RFK Jr. Apologizes to Family Over Kennedy PAC’s Super Bowl Ad

Robert F. Kennedy Jr. apologized Sunday night after a well-funded super PAC supporting his independent presidential campaign aired an ad during the Super Bowl that closely resembled a spot supporting John F. Kennedy, his uncle, during his candidacy for the Whites in 1960. House.

The ad, which the super PAC co-founder said cost $7 million, featured the same cheerful jingle and cartoons interspersed with candid photographs of the candidate, in which the young Mr. Kennedy's face was superimposed.

Some members of Mr. Kennedy's family, many of whom denounced him for his promotion of unsubstantiated theories about vaccines and other topics, quickly criticized him over the ad.

Bobby Shriver, nephew of John F. Kennedy, said the: “My cousin’s Super Bowl commercial used our uncle’s faces – and my mother’s. She would be appalled by his deadly views on health care. Respect for science, vaccines and health care equity was in his DNA. His brother Mark Shriver wrote that he agreed.

Robert F. Kennedy Jr. himself, who invoked his famous political family and legacy throughout his candidacy, quickly responded.

“I am truly sorry if the Super Bowl commercial caused any member of my family pain,” he said. wrote on X Sunday evening. “The ad was created and distributed by the American Values ​​Super PAC without any involvement or endorsement from my campaign. FEC rules prohibit Super PACs from consulting me or my staff. I love you all. God bless you.”

Separately, the Democratic National Committee filed a lawsuit Friday accusing it and the super PAC of illegal coordination.

Mr. Kennedy is running for president as an independent, after leaving the Democratic Party in October, arguing that the Democratic primary system was rigged against him. His candidacy has worried many Democrats who fear that Mr. Kennedy — an environmental lawyer who became a prominent purveyor of conspiracy theories — could siphon votes from President Biden.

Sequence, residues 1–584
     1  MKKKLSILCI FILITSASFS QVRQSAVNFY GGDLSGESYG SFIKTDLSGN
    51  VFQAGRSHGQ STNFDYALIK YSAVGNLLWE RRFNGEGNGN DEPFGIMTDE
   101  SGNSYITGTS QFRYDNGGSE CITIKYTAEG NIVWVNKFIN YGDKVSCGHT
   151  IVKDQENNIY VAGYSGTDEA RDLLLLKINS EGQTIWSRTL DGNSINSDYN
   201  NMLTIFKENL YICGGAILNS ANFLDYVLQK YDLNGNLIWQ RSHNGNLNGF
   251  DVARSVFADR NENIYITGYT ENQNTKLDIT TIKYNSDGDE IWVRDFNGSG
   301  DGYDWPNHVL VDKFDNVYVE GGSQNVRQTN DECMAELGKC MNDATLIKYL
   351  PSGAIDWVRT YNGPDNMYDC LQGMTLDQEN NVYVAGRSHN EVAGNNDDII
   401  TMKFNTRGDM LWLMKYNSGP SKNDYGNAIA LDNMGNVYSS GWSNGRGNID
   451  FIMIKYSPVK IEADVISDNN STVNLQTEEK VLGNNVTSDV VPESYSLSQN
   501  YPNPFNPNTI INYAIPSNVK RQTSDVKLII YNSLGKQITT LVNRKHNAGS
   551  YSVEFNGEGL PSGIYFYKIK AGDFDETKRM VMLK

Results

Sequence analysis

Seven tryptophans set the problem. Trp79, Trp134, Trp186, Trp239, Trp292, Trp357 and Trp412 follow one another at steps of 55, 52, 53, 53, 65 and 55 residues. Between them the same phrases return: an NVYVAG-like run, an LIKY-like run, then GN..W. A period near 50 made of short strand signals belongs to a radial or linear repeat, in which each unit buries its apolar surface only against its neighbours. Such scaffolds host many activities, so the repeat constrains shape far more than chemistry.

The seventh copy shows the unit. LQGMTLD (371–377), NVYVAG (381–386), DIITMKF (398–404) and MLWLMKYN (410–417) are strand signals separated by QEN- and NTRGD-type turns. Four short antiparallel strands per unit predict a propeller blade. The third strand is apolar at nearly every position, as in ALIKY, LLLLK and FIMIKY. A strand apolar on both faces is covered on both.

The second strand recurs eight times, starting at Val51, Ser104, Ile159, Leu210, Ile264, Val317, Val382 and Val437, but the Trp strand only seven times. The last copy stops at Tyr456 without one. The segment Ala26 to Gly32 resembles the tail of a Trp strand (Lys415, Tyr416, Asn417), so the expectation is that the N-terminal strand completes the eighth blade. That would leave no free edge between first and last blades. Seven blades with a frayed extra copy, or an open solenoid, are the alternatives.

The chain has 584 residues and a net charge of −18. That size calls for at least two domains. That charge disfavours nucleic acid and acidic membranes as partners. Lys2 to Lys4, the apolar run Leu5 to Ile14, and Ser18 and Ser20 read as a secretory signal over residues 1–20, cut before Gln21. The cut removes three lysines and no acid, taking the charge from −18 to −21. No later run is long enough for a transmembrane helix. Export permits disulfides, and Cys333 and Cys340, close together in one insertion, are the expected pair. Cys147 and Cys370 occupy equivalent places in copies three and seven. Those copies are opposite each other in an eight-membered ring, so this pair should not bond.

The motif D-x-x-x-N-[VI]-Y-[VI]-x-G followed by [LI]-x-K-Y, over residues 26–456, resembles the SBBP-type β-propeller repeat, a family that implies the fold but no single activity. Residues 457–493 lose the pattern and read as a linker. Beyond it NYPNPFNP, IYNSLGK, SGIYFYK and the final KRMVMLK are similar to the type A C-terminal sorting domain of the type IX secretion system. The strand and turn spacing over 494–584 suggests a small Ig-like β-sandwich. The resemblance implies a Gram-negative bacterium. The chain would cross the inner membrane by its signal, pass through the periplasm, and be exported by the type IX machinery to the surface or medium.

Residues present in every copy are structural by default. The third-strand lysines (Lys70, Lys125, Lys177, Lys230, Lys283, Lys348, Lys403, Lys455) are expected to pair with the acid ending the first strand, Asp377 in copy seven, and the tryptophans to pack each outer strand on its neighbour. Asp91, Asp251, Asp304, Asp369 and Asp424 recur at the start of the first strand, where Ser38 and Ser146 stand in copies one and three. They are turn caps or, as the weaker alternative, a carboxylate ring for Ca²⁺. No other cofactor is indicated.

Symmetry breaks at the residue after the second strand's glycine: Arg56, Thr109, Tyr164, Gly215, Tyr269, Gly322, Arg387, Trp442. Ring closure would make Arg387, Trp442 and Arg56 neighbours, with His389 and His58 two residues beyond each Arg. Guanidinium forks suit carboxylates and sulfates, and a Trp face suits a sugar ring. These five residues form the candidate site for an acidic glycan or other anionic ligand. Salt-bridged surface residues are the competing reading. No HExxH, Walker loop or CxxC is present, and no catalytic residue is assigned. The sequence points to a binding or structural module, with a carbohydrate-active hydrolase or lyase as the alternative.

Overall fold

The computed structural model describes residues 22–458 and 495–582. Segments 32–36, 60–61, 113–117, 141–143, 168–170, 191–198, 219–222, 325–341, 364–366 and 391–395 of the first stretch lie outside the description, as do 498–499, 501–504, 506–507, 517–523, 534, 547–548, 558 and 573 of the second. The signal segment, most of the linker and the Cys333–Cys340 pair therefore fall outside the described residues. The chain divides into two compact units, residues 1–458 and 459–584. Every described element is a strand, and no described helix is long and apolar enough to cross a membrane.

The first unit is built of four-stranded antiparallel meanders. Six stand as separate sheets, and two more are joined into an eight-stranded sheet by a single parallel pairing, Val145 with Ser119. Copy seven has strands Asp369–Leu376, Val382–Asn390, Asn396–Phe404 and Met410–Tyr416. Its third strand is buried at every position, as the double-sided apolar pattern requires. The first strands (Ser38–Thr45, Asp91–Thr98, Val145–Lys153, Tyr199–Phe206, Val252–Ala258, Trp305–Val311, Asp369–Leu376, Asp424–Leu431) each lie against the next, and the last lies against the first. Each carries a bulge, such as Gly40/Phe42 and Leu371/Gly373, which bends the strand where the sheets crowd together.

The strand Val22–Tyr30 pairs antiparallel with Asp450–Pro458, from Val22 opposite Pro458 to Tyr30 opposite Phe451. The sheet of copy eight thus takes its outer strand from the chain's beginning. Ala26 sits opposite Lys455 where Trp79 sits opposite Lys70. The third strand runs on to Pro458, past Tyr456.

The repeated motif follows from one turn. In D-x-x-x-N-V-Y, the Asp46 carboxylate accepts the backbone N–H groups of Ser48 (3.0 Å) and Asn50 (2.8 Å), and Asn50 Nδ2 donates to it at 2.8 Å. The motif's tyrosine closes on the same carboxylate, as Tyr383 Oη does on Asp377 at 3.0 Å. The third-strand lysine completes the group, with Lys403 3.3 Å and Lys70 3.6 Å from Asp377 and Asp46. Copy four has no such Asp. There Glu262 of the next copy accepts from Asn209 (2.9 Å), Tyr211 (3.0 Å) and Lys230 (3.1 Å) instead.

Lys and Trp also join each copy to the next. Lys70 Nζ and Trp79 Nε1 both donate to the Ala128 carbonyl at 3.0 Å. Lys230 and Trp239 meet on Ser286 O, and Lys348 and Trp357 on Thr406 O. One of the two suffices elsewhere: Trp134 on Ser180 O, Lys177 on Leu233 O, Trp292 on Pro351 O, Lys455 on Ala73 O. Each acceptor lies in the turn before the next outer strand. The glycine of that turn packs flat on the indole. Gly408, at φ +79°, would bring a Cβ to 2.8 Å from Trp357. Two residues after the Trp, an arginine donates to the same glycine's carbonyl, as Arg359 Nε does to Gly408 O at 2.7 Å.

The super PAC has heightened suspicions about Mr. Kennedy's support base. A substantial portion of the PAC's funding, about $15 million, came from Timothy Mellon, a Republican who also gave $10 million to a super PAC supporting former President Donald J. Trump.

“It's fitting that the first national ad promoting Robert F. Kennedy Jr.'s candidacy was purchased and financed by Donald Trump's largest donor this cycle,” said Alex Floyd, a National Committee spokesperson. Democrat. “RFK Jr. is nothing more than a Trojan horse in this race.”

Super Bowl commercials are often steeped in nostalgia. Sunday night's ads featured vintage images of Volkswagens, a “Scrubs” reunion and Ben Affleck and Matt Damon in Boston.

But Kennedy's ad — which took about 36 hours to produce, according to super PAC co-founder Tony Lyons — struck a different note. While John F. Kennedy ran in 1960 as a 43-year-old Democrat, Robert F. Kennedy Jr. is 70 and running as an independent – ​​a self-proclaimed spoiler. (Despite Mr. Kennedy's age, advertising still portrays him as young and athletic, including a photo of him on skis.)

Mr. Kennedy has repeatedly faced backlash from his family for his views.

In July, the former president's grandson, Jack Schlossberg, released a video calling Robert F. Kennedy Jr.'s campaign “embarrassing,” saying he was “trading on Camelot, celebrity conspiracy theories and conflicts for personal gain and glory.”

The Super Bowl ad received a mixed reception on the social media platform X. Ben Shapiro, a right-wing writer, called it “politically astute and shocking.”

Robert Shrum, a longtime Democratic political consultant who worked with former Senator Edward M. Kennedy, wrote: “This RFK Jr. Super Bowl ad is a complete plagiarism of the 1960 JFK ad. What a fraud – and to quote Lloyd Bentsen with a slight amendment: 'Bobby, you're not John Kennedy.' Instead, you are a Trump ally.”

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